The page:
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New Worlds: Citizenship and Subjecthood

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What does it mean for a person to live in a particular realm?

I’m using the extremely generic term “realm” because the answer to that question varies wildly depending on where and when you live. How your status vis-a-vis your political superiors is conceived greatly affects both your assumed rights and your assumed obligations; it’s noteworthy that as a ordinary citizen of the twenty-first century United States, I am 100% free to mock and insult the leader of my country and every official on down the ladder, which would have been absolutely unthinkable in other places and times. (Or rather, if you thought of it, you would also think about the consequences that might fall upon your head — and the heads of those around you.)

Having just called myself a citizen, I want to broadly contrast that with another term, “subject.” Don’t go looking for any clean and lasting boundaries between those two, though; even if I limited myself to talking about the status of individuals specifically under English law, I’d have to drag us through a lengthy history of how that changed over time. To the extent that we can draw such a boundary, it looks like this: one is the subject of a person, but the citizen of a state.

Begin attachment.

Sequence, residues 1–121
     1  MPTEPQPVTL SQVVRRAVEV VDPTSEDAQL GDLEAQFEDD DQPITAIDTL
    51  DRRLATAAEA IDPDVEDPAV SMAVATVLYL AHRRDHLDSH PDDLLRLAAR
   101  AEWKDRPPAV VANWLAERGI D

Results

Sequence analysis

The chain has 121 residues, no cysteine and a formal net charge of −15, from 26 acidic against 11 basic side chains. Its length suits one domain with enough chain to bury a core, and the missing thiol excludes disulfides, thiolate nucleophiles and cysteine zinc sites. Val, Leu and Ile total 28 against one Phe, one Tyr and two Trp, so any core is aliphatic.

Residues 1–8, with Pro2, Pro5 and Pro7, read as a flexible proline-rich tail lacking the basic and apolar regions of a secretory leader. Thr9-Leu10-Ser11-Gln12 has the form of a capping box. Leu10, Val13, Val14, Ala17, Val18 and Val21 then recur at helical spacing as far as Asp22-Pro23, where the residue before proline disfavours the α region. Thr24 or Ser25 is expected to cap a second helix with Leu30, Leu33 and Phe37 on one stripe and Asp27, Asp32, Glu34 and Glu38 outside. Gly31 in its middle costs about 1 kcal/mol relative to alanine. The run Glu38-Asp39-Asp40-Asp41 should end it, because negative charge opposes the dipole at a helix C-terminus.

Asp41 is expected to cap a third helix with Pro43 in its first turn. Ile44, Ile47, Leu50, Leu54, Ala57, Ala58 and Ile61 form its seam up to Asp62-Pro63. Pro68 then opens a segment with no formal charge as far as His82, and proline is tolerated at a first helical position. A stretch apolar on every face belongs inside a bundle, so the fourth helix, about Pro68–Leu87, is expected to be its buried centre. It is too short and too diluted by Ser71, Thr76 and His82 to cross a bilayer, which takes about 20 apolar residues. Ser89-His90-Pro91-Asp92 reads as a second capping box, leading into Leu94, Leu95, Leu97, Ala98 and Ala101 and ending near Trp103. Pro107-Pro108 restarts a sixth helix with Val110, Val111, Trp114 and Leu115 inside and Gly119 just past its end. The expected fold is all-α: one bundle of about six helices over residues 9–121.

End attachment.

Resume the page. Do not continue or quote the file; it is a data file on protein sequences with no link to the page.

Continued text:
Because of that, it is sort of — but in actual practice, not quite — fair to equate citizenship with life in a republic, and subjecthood with life in a monarchy. When we talk about someone as a subject, we literally mean they are subjected to the power of another person . . . or just to power in general, but the interpersonal aspect there has frequently been important. Even when we refer to someone as a subject of the Crown, the weight of history behind the use of “Crown” to mean the government to mean the person actually wearing the crown means that’s more relationship-based than being the citizen of a republic.

That framing of “being subjected” also means the term may be unevenly applied. It’s pretty common to see it used for, well, commoners: the ordinary rank-and-file who have no official power in their land. In my experience, it’s is less common to see it applied to the elite vassals of the Crown (more on vassalage later this month), who, by dint of holding power of their own, are less abjectly subjected — but it does come up when the hierarchy matters, e.g. when a monarch is questioning whether thus-and-such noble is a loyal subject or not. There’s a flex happening there, testing whether sovereign power can indeed subdue the one below it.

The other thing about subjecthood is that it’s a sufficiently generic term, based in the idea of one person being subject to someone else’s power, that we can often use it cross-culturally. Even if the specific rights afforded to and obligations demanded from an ordinary person living in Nanjing or Tenochtitlan were different from those of a Londoner or Parisian in the same year — which they most definitely were — they at least share in common that quality of being subjected to superior power.

That’s also true of citizens, of course; the U.S. government has plenty of power to make me do things! But citizenship per se is usually seen as a western concept, spreading outward to other parts of the world from there.